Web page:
Strings use std.range.primitives.
Yes, because arrays do not have member functions. And as it is, there's been discussion of moving those functions to object.d so that they're always present rather than having to import std.range.primitives to get them (the main blocker is that because of auto-decoding, all of that UTF mess would have to then be available to object.d, which is in druntime, and std.utf is in Phobos, but it may still happen). The fact that arrays get the range primitives via UFCS and an import is required to use them is actually problematic, much as it works (e.g. if you forget the import, things don't work so well). With user-defined types, you have member functions and you don't need UFCS. - Jonathan M Davis
Jan 26
prev sibling next sibling parent guest <guest gmail.com> writes:
On Wednesday, 25 January 2017 at 16:15:49 UTC, Las wrote:
 then I can do this:
 void main() {
 	S s;
 	auto p = &s;
 	p.popFront;
 	writeln(p.front);
 }

 But not this:
 void main() {
 	S s;
 	auto p = &s;
 	foreach(i; p)
 		writeln(i);
 }
p.popFront == p->popFront This works as expected: foreach(i; *p)
Jan 26
prev sibling parent reply ZombineDev <petar.p.kirov gmail.com> writes:
On Wednesday, 25 January 2017 at 16:15:49 UTC, Las wrote:
 So the reference says that (when range has the properties) 
 `foreach (e; range) { ... }` is equivalent to:
 for (auto __r = range; !__r.empty; __r.popFront())
 {
     auto e = __r.front;
     ...
 }

 Though this isn't always true, as when I use this struct:
 struct S {
 	int front = 10;
 	void popFront() {
 		--front;
 	}
 	 property bool empty() {
 		return front == 0;
 	}
 }

 then I can do this:
 void main() {
 	S s;
 	auto p = &s;
 	p.popFront;
 	writeln(p.front);
 }

 But not this:
 void main() {
 	S s;
 	auto p = &s;
 	foreach(i; p)
 		writeln(i);
 }

 x.d(18): Error: invalid foreach aggregate p
 Failed: ["dmd", "-v", "-c", 
 "-of/tmp/.rdmd-1000/rdmd-x.d-032B33C4A922C519594F67AF08DBF6C9/objs/x.o",
"x.d", "-I."]

 Why should this work? Because some times I want foreach to 
 modify the iterator, because some times I like to have an inner 
 foreach that uses the same iterator as the outer one, to  
 effectively still iterate over the same range, but change the 
 contents of the loop.

 Bad example:
 foreach(i; &range) {
   writeln(i);
   if(i > 2) foreach(i; &range) {
     writeln(i * 3);
     if(i < 10)
       break;
   }
 }

 This loop would change behavior each time one of the 'if's pass.

 An alternative would be to implement a new foreach, perhaps 
 &foreach, that does this instead:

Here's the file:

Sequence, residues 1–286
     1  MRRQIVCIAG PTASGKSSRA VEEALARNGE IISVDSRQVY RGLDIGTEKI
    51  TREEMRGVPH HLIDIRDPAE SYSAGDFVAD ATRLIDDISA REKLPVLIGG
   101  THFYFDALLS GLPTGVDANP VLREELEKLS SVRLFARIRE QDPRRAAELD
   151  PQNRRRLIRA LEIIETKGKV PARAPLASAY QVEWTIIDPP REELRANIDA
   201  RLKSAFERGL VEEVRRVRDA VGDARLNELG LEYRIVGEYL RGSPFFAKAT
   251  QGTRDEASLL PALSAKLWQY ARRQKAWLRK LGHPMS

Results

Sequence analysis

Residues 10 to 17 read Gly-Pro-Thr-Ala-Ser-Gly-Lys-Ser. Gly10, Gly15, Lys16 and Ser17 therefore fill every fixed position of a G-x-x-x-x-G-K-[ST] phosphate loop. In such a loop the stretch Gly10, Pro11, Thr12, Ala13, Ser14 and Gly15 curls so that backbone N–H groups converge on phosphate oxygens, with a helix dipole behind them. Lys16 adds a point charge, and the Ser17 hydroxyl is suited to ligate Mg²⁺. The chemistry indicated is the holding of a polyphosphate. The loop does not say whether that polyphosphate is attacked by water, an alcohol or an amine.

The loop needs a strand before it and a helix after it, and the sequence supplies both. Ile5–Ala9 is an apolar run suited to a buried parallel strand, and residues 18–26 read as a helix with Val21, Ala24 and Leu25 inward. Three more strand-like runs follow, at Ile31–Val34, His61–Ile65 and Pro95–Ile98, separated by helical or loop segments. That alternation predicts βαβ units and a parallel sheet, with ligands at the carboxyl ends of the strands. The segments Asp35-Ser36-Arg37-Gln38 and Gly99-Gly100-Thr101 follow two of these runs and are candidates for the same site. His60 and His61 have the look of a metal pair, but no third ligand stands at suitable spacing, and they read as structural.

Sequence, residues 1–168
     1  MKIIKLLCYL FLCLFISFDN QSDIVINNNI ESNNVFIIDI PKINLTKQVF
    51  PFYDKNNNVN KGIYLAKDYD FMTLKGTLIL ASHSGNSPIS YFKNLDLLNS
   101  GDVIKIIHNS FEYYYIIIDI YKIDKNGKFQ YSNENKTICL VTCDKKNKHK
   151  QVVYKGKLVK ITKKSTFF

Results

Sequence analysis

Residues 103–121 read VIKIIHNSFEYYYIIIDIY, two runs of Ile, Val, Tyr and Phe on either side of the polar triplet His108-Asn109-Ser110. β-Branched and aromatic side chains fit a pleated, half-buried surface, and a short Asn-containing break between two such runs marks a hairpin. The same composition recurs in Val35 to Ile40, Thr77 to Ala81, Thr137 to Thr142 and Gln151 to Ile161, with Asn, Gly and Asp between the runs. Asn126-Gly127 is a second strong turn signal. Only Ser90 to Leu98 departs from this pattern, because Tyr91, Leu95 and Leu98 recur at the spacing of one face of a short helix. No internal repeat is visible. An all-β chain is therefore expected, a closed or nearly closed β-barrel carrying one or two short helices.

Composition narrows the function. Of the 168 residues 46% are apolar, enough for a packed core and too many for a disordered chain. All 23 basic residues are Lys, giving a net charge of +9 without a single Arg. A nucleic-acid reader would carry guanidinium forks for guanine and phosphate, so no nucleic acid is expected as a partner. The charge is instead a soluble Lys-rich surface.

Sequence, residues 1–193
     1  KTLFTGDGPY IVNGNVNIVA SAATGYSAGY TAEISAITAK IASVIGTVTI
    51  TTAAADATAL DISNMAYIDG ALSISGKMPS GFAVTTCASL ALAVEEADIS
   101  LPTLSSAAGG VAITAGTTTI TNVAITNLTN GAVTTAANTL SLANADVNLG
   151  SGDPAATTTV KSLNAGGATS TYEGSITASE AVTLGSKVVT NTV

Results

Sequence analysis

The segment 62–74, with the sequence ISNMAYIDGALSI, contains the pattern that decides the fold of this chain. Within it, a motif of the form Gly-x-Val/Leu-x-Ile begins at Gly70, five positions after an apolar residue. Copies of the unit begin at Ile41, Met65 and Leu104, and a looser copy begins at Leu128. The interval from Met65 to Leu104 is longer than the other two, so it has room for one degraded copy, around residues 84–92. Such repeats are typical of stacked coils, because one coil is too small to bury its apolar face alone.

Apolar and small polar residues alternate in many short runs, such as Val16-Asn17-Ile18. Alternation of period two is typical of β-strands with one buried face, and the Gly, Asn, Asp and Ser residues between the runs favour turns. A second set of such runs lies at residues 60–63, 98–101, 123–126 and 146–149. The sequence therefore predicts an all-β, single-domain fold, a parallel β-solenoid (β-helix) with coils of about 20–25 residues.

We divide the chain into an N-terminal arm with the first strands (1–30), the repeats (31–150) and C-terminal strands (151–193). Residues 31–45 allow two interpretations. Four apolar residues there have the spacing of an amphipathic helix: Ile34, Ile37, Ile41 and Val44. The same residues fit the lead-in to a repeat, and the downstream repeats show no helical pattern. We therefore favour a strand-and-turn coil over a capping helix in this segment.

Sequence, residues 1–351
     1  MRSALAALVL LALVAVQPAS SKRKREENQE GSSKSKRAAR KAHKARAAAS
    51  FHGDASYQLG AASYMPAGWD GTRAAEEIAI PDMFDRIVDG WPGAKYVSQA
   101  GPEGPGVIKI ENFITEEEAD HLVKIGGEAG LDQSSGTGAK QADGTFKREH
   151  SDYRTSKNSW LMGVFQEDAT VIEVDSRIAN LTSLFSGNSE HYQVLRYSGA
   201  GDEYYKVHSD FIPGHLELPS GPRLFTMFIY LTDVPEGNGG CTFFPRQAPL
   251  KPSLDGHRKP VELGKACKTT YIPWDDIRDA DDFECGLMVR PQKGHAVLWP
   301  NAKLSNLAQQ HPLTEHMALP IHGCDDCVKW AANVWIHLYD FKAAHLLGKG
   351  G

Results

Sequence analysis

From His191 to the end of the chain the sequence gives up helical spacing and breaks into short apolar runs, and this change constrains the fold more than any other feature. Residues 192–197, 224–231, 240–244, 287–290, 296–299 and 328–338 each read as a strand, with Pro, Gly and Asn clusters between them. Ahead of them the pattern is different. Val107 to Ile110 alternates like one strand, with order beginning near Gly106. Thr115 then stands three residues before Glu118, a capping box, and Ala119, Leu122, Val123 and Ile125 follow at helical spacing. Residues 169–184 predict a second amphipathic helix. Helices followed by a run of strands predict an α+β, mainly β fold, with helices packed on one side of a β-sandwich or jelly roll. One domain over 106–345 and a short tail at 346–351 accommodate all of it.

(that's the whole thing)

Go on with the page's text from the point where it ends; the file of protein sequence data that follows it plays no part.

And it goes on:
for (/+ NB: We are not copying the range! +/; !range.empty; 
 range.popFront())
 {
     auto e = range.front;
     ...
 }

 Related:
 UFCS does not work on pointers, which matters because of 
 std.range.primitives.

 Thoughts?
Not sure if this is a bug in isInputRange or foreach, but they should work consistently. Anyway, another solution is to use refRange: void main() { import std.range : refRange; S s; auto p = refRange(&s); foreach(i; p) writeln(i); } That way you don't need to dereference 'p' everytime you want to iterate over it. Plus, it should compose well with other range wrappers / algorithms.
Jan 26
next sibling parent reply guest <guest gmail.com> writes:
On Thursday, 26 January 2017 at 11:32:09 UTC, ZombineDev wrote:
 Not sure if this is a bug in isInputRange or foreach, but they 
 should work consistently.
Copy/paste from primitives.d: template isInputRange(R) { enum bool isInputRange = is(typeof( (inout int = 0) { R r = R.init; // can define a range object if (r.empty) {} // can test for empty r.popFront; // can invoke popFront() auto h = r.front; // can get the front of the range })); }
Jan 26
parent ZombineDev <petar.p.kirov gmail.com> writes:
On Thursday, 26 January 2017 at 12:03:39 UTC, guest wrote:
 On Thursday, 26 January 2017 at 11:32:09 UTC, ZombineDev wrote:
 Not sure if this is a bug in isInputRange or foreach, but they 
 should work consistently.
Copy/paste from primitives.d: template isInputRange(R) { enum bool isInputRange = is(typeof( (inout int = 0) { R r = R.init; // can define a range object if (r.empty) {} // can test for empty r.popFront; // can invoke popFront() auto h = r.front; // can get the front of the range })); }
Yes, I know how isInputRange is implemented. The question is: should it disallow pointers if foreach does not try to dereference them automatically, or should foreach do that.
Jan 26
prev sibling parent Las <lasssafin gmail.com> writes:
On Thursday, 26 January 2017 at 11:32:09 UTC, ZombineDev wrote:
 Anyway, another solution is to use refRange:

 void main() {
     import std.range : refRange;
     S s;
     auto p = refRange(&s);
     foreach(i; p)
         writeln(i);
 }

 That way you don't need to dereference 'p' everytime you want 
 to iterate over it. Plus, it should compose well with other 
 range wrappers / algorithms.
This is really helpful; thanks!
Jan 26